A month ago Nick published a blog post about the path to adopting common business intelligence practices. At the same time, we published a survey asking for feedback on current BI trends and processes.
We asked these questions:
- Which reporting tools do you use?
- How do you share reports in your organization?
- Do you import data from other systems?
- Have you created a separate database or warehouse for analysis?
- Does your organization use (or plan to use) either SQL Server Analysis Services (SSAS) or PowerPivot?
- How do users get access to corporate data for analysis and reporting?
We had several hundred responses to the survey. Let’s take a look at the answers.
Which reporting tools do you use?
We were interested in all the reporting tools that people use, so the responses aren’t mutually exclusive. Clearly Excel and SQL Server Reporting Services (SSRS) are the most popular choices, with many organizations using both tools. The “Other” category included a diverse set of tools such as Cognos, Crystal Reports, and some proprietary solutions.
How do you share reports in your organization?
The popularity of email to share reports suggests many organizations are running ad hoc reports, or that they don’t have access to shared repositories. However, there are a significant number of organizations using shared drives or other central stores. With the response to the first question showing the popularity of SSRS, the relative popularity of Sharepoint is not surprising given that SSRS and Sharepoint are heavily integrated.
Do you import data from other systems?
In complex systems with many disparate data sources, the data is commonly imported to a central repository for more efficient analysis. By far the most common approach is to use SQL Server Integration Services (SSIS), although many organisations are reliant on using manual techniques.
Have you created a separate database or warehouse for analysis?
To ensure data integrity, and reduce possible performance impact on transactional databases, data is often copied to a separate database or data warehouse for analysis. Significantly, those respondents who are not doing this already are considering doing it in the future.
Does your organization use (or plan to use) either SSAS or PowerPivot?
A significant number of organizations are using SSAS or PowerPivot to support their analysis function. Although more organizations are currently using the multidimensional model, there appears to be a general trend towards the tabular model. The current version of SSAS Compare only supports the multidimensional model, but we are considering adding tabular support.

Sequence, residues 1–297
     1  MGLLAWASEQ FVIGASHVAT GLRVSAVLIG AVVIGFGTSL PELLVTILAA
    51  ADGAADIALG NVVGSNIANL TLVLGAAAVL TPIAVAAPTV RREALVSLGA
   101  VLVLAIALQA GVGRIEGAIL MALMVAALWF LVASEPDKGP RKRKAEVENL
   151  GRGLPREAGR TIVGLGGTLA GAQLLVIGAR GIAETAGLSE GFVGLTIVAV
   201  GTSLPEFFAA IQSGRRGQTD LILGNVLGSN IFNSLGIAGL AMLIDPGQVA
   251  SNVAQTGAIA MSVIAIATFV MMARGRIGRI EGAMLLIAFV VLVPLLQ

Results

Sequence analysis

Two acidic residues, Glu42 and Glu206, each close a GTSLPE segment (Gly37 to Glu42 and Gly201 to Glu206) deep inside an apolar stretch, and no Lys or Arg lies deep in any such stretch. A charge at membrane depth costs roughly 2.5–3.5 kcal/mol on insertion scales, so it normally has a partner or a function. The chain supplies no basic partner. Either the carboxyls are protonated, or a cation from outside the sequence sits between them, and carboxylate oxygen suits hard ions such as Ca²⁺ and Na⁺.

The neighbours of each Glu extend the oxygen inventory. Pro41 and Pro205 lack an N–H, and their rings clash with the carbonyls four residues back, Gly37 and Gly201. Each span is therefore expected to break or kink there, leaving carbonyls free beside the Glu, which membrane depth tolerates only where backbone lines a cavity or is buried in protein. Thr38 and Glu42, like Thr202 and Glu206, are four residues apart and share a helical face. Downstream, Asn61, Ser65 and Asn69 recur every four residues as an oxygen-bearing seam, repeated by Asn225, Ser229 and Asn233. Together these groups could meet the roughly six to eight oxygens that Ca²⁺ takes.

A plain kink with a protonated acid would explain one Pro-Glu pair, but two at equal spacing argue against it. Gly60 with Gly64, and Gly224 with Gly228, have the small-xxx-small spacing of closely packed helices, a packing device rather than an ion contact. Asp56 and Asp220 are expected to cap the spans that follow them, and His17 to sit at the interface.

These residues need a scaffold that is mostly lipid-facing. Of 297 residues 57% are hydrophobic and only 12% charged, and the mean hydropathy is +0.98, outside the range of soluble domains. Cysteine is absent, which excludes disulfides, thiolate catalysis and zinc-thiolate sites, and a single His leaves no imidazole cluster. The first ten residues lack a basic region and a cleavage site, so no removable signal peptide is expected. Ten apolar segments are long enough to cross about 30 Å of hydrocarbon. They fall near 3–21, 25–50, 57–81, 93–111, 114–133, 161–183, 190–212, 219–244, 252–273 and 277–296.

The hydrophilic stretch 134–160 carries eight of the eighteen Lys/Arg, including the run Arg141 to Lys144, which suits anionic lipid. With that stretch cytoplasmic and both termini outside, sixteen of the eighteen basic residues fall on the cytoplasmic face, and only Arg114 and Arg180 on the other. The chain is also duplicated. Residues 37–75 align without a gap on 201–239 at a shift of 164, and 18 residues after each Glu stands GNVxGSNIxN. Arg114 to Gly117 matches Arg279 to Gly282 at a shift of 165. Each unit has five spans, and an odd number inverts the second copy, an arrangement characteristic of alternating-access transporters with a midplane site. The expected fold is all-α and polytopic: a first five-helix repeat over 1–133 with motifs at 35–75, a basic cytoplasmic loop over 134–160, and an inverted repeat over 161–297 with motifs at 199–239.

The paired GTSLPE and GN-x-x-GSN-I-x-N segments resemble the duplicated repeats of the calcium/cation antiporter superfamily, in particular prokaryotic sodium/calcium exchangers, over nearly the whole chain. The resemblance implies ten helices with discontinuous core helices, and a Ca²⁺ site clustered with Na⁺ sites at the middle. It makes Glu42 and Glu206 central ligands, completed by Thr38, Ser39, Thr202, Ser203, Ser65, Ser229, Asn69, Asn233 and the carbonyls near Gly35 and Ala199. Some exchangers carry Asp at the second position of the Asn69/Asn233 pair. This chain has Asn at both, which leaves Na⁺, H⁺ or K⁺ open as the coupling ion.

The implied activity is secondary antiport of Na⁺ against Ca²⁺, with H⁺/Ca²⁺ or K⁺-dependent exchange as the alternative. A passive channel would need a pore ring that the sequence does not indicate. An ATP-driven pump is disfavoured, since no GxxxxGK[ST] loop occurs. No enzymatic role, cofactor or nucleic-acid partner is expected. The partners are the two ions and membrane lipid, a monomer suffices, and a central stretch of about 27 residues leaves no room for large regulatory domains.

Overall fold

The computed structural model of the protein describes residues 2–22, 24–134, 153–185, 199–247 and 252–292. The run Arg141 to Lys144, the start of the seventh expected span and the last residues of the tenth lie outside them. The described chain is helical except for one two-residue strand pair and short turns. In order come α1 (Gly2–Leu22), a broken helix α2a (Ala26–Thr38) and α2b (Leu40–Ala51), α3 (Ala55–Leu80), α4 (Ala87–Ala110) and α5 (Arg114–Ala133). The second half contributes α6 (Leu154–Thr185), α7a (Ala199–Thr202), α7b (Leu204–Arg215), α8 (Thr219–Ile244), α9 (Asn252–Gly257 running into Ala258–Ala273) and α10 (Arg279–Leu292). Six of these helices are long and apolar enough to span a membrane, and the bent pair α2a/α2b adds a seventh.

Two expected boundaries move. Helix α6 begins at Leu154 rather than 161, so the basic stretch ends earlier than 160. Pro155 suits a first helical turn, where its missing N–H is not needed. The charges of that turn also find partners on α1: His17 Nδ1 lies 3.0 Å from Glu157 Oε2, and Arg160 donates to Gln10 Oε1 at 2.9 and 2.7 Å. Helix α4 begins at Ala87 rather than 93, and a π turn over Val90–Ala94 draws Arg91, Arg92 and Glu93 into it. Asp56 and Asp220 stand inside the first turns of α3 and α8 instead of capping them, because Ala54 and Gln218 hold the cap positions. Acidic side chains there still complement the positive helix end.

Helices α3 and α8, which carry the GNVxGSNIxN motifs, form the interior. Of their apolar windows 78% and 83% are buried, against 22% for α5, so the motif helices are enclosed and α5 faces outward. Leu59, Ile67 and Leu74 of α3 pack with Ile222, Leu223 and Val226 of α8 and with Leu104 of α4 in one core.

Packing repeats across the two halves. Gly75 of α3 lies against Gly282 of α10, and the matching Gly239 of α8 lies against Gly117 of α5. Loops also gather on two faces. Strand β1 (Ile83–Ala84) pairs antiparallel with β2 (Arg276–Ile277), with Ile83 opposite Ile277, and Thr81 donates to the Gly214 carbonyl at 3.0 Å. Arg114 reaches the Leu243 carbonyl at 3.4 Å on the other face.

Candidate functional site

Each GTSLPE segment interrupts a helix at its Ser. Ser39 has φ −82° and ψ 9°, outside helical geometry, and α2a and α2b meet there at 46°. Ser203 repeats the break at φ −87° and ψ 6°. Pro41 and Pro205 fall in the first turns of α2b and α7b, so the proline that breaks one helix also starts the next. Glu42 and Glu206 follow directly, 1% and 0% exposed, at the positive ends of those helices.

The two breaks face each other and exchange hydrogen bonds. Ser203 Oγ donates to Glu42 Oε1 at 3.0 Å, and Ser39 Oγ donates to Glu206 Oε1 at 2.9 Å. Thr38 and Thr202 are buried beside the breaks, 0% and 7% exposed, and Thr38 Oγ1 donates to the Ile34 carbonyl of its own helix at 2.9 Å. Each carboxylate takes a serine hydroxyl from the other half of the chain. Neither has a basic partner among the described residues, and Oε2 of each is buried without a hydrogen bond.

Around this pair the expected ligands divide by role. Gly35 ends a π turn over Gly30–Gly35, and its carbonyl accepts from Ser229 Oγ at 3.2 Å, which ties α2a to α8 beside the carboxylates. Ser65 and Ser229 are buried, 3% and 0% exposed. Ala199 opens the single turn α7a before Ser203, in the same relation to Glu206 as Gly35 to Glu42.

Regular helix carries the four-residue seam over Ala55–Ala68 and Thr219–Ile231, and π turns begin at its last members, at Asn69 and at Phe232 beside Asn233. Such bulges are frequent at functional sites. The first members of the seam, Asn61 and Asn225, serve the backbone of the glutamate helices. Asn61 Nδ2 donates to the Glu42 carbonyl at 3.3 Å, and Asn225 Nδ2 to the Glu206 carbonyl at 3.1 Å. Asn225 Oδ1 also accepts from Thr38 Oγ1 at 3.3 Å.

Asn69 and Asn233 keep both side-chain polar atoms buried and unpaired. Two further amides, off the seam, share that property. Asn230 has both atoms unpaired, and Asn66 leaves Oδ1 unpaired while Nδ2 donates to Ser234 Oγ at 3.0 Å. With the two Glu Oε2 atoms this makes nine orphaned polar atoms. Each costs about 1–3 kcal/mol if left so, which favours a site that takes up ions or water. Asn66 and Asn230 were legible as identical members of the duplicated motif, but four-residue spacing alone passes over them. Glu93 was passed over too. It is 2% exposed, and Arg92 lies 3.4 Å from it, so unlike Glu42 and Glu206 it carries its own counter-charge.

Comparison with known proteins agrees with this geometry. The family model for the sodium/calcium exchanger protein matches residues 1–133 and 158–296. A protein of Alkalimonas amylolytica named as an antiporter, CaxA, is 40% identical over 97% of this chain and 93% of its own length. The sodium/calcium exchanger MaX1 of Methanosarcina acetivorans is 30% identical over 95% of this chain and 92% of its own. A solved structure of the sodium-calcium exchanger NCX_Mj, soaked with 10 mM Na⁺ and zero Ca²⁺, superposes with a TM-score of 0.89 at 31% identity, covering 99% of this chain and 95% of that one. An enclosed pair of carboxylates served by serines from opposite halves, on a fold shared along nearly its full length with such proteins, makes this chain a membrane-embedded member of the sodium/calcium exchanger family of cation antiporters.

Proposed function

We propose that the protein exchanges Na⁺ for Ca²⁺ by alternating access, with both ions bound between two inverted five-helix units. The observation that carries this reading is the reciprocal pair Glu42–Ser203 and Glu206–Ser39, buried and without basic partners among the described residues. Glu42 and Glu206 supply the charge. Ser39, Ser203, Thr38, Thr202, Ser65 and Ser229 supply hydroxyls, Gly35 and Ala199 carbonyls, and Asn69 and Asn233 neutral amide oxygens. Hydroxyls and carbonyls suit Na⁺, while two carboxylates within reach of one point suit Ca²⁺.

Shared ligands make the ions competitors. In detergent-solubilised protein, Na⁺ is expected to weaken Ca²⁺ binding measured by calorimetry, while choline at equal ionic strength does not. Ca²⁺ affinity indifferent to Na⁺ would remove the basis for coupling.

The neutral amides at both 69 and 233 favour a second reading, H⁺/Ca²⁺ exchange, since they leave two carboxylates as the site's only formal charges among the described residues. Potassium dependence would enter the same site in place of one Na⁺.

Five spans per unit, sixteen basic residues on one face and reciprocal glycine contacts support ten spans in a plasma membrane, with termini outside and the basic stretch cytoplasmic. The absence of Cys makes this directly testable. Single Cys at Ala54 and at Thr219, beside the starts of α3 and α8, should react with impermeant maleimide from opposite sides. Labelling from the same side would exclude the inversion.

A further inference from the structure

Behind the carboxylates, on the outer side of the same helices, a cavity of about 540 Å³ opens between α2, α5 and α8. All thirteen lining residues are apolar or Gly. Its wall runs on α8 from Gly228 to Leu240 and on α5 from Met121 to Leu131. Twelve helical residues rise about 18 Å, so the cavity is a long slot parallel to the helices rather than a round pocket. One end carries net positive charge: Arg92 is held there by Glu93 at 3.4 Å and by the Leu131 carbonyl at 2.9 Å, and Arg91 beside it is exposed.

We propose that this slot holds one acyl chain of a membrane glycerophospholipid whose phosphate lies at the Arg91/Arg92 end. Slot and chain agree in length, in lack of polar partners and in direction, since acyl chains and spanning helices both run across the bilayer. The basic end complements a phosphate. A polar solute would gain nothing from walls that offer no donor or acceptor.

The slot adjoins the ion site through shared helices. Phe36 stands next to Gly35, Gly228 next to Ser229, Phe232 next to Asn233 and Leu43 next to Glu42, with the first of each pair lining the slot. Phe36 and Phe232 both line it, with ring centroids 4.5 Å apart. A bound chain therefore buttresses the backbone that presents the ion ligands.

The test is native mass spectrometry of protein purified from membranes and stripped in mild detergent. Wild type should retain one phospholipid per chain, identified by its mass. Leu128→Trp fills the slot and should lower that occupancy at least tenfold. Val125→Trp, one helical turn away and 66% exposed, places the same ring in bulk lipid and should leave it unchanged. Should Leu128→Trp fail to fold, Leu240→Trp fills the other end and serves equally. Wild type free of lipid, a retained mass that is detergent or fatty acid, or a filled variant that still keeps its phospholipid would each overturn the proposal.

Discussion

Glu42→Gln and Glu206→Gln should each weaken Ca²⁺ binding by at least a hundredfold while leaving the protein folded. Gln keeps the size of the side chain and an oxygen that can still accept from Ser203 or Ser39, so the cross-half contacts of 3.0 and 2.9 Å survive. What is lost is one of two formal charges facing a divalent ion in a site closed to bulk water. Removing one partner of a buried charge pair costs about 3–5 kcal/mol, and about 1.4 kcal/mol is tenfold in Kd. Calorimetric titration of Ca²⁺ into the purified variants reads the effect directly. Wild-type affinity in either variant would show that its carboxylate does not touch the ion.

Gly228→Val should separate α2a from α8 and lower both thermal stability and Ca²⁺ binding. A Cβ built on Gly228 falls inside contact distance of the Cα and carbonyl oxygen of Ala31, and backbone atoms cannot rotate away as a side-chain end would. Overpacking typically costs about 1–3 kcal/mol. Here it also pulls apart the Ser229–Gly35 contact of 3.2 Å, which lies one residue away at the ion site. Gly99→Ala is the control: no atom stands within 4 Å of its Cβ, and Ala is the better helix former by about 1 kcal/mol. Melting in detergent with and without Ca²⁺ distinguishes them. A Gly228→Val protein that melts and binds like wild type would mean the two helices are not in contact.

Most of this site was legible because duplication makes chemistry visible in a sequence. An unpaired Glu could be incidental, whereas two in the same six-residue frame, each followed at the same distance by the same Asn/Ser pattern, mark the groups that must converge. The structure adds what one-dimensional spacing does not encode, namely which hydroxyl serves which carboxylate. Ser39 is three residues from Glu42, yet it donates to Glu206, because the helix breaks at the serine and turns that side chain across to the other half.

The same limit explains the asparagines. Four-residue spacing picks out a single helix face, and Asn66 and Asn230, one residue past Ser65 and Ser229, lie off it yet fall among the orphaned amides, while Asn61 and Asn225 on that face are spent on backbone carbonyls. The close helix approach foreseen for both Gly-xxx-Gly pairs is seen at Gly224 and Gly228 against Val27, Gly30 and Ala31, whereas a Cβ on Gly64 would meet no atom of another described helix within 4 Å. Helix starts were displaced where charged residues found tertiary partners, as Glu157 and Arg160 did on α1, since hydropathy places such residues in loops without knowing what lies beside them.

How do users get access to corporate data for analysis and reporting?
The majority of organizations currently restrict corporate data access to just the database owners, who then provide sample data or reports themselves.
Nearly all the organizations which responded have created (or plan to create) a separate warehouse, or at least an offline copy of the main database, to support analysis. These warehouses are most commonly populated using SSIS or manual file copying. Reports derived from these databases are mostly created using Excel or SSRS, and shared with email, shared drives and corporate intranets.
Around a third of those who responded don’t yet use Microsoft Analysis Services, or the newer self-service approach offered by PowerPivot. Our other research suggests these organisations create SSRS or Excel reports using stored procedures, or direct SQL queries on the warehouse or even the main transactional database. Of those who do use Analysis services, it’s no surprise to see that the established multidimensional model is still the most widely adopted, but more than 25% are already using or planning to use SSAS Tabular. The increasing popularity of self-service BI is reflected in the 40% of our sample who use or plan to use PowerPivot, with a similar figure giving business users limited or free access to the database for analysis.
Deployment of operational changes to SSAS models can be complex and time-consuming. SSAS Compare can reduce the work required under the multidimensional model, and we are considering adding tabular support soon. If you would like SSAS Compare to support tabular models or PowerPivot documents, let us know on our UserVoice page.